It is a band-aid when things arem't working right. A Moto-GP bike is something you and I will never ride. High HP brings on different dynamics. I will use T6 at TWS as an example. Coming out there are some ripples in the pavement that combined with the fact that larger bike is almost at a "wheelie" the whole way through there caused the front end to skip and shake. The real problem is the fact that there is too much rear end squat. I don't remember having to crank the steering damper at TWS higher than off. Many times on a bike, you have to decide to wheelie the bike to take those situations out of play.

Several people have rode my 1000's. Ask Travis Pierce if the bike ever one-time even shook its head wrong. Steering damper is off ALWAYS. Again, if you can't get a bike sorted out, turn it on a bit. If you are at Daytona (an animal unto itself), turn it up.

95% of the time you don't need it. Rules require them now, because indeed sometimes a rider does need it. I just find that many riders immediately go to tighten the damper up (which makes the bike less likely to turn easily) rather than look at the source of the problem.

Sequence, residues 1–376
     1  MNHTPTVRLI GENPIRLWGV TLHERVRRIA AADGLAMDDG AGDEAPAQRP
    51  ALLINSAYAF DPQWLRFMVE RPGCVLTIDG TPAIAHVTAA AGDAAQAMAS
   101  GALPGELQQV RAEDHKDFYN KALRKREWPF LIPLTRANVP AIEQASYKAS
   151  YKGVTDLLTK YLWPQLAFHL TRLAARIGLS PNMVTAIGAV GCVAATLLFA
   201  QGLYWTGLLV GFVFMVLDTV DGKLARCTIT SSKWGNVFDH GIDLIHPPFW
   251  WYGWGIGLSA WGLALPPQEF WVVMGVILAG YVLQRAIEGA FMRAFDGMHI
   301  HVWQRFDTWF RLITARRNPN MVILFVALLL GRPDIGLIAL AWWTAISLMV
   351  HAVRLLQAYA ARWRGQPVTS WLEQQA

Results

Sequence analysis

Marcus

Chuck C.
03-09-2004, 09:00 AM
O.K. i see what your saying. If your bikes head shaking don't assume its normal, and certainly dont't just crank up the steering damper to compensate. Good advice, and your comments on dampers makes much more sense to me now.

One of my few and worst head shakes was on the street. I rolled on the gas hard in 1st (rear end squats) and as i neared red line the front caught some wavy asphalt (lightend front end). Well you know what happend next /ubbthreads/images/%%GRAEMLIN_URL%%/eek.gif Seemed to last forever as I had time to look at where I was heading and where I might bail off or impact. Sucked!! It cleared and I stayed up, but was one of those times I had to question if I liked riding enough to deal with the risk.

See you at the track Friday!

Chuck C.

Chuck C.
03-09-2004, 09:00 AM
O.K. i see what your saying. If your bikes head shaking don't assume its normal, and certainly dont't just crank up the steering damper to compensate. Good advice, and your comments on dampers makes much more sense to me now.

One of my few and worst head shakes was on the street. I rolled on the gas hard in 1st (rear end squats) and as i neared red line the front caught some wavy asphalt (lightend front end). Well you know what happend next /ubbthreads/images/%%GRAEMLIN_URL%%/eek.gif Seemed to last forever as I had time to look at where I was heading and where I might bail off or impact. Sucked!! It cleared and I stayed up, but was one of those times I had to question if I liked riding enough to deal with the risk.

See you at the track Friday!

Chuck C.